Fletcher’s email requested donations from the Brook Hill community of water bottles, diapers, baby wipes, toothpaste and toothbrushes, and blankets. Dean of Students Bobby Brasher delivered the supplies to Turning Point Church in Vidor last week and helped the church begin cleaning up as waters receded.
Several groups and organizations in and around Bullard Independent School District held fundraising efforts to help those impacted by Hurricane Harvey.
The Bullard Future Farmers of America organization held a “Spare Your Pair Drive” urging those wishing to give to donate new packages of socks, underwear, sports bras, and rubber boots to those affected by the storm. Bullard FFA is continuing to collect donations until Friday, Sept. 15.
The Bullard Belles put their muscles to work in response to those hit hardest by Hurricane Harvey by filling five-gallon buckets with donated cleaning supplies to assist in the cleanup process, including liquid laundry detergent, household cleaners, dish soap, insect repellent, scrub brushes, cleaning wipes, sponges, heavy-duty trash bags, work gloves, and more.
Several organizations at Bullard Middle School, including the BMS Pom Squad, Builder’s Club, BMS Cheer, and National Junior Honor Society, also collected supplies specifically to help Southeast Texans get back on their feet and clean up after Hurricane Harvey, including toiletries, bottled water, non-perishable canned food, disposable gloves, trash bags, bleach, mops, brooms, and box fans. The items collected by the BMS organizations will be delivered to victims in Porter.
On the Bullard Intermediate School campus, students banded together to collect items for evacuees that traveled to East Texas to avoid the storm. Items collected by the school’s students included bottled water, paper towels, deodorant, mosquito repellent, hand sanitizer, first aid kits, trash bags, baby and adult diapers, soap, shampoo, non-perishable canned food, dog and cat food, and more.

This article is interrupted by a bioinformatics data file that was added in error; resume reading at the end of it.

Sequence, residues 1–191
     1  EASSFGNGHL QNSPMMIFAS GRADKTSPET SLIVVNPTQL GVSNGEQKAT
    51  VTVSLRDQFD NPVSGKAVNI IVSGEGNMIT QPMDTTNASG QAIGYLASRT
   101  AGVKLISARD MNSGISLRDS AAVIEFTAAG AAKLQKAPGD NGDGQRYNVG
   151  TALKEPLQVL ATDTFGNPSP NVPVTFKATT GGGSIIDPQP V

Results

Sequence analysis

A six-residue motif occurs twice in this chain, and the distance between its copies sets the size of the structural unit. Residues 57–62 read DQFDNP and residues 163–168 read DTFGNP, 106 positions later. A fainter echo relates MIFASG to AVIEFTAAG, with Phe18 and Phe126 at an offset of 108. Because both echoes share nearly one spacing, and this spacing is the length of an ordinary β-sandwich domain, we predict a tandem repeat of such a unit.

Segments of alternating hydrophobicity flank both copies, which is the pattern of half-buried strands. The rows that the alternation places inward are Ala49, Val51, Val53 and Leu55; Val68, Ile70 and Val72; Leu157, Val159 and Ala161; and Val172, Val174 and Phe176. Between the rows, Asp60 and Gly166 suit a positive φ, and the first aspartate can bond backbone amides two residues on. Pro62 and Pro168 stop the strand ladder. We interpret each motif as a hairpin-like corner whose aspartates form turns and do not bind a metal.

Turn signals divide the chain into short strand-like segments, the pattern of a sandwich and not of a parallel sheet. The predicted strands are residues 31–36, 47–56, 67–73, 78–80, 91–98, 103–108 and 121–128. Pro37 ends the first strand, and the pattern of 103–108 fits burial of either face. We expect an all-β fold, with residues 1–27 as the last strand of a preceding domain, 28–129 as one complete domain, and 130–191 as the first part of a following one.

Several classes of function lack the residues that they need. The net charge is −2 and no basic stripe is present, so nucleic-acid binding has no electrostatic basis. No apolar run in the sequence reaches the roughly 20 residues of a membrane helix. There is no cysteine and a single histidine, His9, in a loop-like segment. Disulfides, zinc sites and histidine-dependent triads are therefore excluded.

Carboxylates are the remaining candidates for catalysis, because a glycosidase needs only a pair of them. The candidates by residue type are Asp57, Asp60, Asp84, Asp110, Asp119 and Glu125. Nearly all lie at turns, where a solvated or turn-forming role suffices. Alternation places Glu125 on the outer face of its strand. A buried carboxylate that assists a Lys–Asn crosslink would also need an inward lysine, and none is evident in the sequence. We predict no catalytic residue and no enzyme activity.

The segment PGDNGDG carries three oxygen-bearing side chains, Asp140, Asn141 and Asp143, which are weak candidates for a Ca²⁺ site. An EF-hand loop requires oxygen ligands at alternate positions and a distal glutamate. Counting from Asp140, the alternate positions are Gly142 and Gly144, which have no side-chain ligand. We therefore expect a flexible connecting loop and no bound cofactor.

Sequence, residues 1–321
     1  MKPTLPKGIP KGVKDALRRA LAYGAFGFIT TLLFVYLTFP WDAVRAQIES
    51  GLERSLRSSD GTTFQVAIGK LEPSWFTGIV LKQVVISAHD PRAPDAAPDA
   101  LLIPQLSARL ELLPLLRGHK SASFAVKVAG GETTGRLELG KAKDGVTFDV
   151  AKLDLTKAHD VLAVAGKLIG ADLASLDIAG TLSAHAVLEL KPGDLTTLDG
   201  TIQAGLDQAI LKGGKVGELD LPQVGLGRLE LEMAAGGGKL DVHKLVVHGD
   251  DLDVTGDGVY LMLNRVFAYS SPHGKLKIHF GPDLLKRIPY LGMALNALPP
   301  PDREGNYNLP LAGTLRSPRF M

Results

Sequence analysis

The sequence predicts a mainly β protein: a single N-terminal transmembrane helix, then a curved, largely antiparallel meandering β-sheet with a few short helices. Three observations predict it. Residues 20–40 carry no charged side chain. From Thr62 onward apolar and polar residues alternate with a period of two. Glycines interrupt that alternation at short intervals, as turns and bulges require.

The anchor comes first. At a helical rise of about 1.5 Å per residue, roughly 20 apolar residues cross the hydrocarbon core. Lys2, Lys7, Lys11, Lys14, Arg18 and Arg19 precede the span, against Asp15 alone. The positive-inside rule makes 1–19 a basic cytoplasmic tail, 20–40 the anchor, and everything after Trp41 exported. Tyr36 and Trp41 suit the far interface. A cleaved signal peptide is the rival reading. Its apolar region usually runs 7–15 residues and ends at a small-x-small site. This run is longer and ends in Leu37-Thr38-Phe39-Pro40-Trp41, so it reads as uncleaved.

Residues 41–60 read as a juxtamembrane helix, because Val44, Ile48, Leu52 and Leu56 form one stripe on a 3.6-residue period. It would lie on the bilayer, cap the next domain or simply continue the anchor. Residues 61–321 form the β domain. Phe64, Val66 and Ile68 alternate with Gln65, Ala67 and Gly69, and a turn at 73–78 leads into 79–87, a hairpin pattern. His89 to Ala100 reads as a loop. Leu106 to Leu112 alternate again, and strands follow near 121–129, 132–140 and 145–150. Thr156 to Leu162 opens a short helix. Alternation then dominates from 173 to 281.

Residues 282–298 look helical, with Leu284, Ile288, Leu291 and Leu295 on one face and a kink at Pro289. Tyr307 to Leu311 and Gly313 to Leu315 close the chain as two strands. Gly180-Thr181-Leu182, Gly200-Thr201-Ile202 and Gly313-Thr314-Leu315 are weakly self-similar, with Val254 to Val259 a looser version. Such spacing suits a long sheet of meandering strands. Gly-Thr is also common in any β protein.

The Bullard community also gave towards Hurricane Harvey relief efforts through Bullard ISD, as the Bullard Panther junior varsity football team collected monetary donations during the first varsity football game of the year, as well as during the second junior varsity matchup, raising funds in excess of $1,500 to be donated to the Texas High School Coaches Foundation Disaster Relief Fund..
“The thing I’m most proud of is to be able to see the student-led passion in collecting donations for victims of Hurricane Harvey,” said Todd Schneider, Bullard ISD Superintendent. “We didn’t want to do just an overall fundraiser from our district because that takes away from the students leading the efforts. I’ve enjoyed, and I believe our community takes pride in, how many students have taken ownership, leading the way to raise money and collect supplies for people not even from this community. To see the students aware, acknowledge, and take part in these efforts is very rewarding in knowing we’re having the right impact on the future generation by teaching them it’s not about themselves, it’s about helping others in need.”